At this stage of stapes mobilization surgery, it appears appropriate to evaluate some existing problems, and to consider some perspectives.
The two problems to be presented are the following:
The footplate approach
Delayed postoperative threshold shift.
A perspective which merits discussion is the question of combined myringoplasty and stapes mobilization in otosclerotics with tympanic deformities due to coexistent adhesive otitis.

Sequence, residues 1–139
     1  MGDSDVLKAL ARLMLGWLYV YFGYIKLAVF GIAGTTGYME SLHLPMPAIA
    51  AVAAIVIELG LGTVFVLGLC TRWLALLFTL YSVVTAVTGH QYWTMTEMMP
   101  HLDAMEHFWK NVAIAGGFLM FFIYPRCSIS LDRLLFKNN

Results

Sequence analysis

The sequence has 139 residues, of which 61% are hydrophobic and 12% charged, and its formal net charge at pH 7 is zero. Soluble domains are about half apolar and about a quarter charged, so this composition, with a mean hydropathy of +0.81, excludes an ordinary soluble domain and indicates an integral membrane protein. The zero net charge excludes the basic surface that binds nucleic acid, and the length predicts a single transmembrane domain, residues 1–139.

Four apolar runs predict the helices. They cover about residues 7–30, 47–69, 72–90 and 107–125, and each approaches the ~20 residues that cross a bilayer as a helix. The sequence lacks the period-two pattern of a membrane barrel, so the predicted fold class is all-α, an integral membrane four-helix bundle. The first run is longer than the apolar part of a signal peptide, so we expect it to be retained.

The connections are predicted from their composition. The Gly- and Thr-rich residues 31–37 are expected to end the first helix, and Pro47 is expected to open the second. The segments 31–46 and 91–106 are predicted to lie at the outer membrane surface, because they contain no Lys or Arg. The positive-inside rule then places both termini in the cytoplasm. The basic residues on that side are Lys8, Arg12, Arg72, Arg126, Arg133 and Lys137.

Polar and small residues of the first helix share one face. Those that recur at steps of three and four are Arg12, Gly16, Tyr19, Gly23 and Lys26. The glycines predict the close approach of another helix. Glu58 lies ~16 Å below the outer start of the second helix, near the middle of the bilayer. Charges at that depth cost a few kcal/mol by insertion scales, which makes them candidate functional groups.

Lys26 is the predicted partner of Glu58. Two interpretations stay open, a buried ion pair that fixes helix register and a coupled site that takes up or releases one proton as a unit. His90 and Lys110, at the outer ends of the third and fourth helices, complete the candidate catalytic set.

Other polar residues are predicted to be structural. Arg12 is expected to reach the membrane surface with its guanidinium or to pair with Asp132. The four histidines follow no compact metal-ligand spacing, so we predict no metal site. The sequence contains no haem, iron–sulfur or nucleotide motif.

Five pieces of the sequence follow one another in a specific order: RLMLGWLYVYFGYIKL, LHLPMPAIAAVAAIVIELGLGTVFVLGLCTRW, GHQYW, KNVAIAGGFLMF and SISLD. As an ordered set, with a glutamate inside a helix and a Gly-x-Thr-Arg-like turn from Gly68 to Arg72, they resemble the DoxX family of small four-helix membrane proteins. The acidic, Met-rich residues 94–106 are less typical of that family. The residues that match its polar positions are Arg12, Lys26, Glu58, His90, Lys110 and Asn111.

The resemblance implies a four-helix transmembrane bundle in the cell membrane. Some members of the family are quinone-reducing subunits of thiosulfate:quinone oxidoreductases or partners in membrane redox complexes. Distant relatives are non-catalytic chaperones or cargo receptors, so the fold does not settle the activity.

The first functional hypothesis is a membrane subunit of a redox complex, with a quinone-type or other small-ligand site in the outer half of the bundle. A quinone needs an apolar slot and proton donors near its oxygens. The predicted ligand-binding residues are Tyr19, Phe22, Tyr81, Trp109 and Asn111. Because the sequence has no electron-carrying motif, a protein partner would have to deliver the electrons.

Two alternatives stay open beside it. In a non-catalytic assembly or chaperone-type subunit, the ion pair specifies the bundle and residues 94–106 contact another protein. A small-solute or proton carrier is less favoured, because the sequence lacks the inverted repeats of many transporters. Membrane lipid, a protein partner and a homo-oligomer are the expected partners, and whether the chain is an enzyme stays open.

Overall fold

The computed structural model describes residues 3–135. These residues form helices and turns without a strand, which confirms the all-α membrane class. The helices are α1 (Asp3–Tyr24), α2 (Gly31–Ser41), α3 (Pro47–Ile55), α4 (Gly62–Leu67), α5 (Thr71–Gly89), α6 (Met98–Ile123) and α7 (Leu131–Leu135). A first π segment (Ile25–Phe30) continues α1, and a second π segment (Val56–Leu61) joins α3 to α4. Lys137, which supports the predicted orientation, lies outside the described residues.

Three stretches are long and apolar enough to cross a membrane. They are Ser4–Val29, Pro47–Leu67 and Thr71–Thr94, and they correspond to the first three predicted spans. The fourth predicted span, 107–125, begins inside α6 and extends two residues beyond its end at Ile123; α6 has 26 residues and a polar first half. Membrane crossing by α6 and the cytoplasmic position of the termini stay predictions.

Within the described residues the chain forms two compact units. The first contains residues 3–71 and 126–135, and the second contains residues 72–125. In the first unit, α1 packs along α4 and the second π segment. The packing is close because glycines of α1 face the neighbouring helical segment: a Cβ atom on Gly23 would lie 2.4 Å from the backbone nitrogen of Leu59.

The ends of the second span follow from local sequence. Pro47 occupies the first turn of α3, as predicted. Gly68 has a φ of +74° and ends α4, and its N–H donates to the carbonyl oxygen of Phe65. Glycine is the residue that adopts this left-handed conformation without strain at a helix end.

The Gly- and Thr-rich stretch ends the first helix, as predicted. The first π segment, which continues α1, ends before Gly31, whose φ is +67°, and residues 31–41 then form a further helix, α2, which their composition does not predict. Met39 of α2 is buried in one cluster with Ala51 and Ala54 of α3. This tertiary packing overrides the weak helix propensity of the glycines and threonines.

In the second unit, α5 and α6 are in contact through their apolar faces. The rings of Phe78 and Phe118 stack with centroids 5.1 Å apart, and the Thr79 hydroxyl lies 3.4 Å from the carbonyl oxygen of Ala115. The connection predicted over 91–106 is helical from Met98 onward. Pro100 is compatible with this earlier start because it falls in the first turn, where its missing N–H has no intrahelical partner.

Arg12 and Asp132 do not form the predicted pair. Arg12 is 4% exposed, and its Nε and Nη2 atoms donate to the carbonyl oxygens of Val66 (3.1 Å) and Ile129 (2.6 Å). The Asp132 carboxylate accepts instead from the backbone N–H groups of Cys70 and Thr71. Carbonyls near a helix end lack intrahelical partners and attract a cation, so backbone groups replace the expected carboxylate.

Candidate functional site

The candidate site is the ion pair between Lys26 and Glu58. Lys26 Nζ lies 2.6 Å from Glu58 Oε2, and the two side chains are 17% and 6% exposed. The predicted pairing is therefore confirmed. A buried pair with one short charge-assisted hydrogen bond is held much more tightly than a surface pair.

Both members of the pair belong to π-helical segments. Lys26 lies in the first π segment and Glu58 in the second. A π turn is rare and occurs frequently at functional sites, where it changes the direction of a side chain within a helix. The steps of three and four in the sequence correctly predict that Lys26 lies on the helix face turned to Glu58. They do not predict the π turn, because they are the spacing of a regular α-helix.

I. The Footplate Approach
There has been a significant evolution in the modus operandi of the surgical technique of stapes mobilization since the first publication of Rosen,1 when he advised mobilization via the stapedial neck with a specially curved instrument. Shortly thereafter, others2-3 suggested force application through the lenticular process of the incus, through the capitulum of the stapes, and other modifications in the region of the incudostapedial joint. It was quite logical that initial attempts to mobilize the ankylosed stapedial footplate should begin at the
GOODHILL V. Stapes Mobilization—Problems and Perspectives. AMA Arch Otolaryngol. 1958;67(2):142–147. doi:10.1001/archotol.1958.00730010148002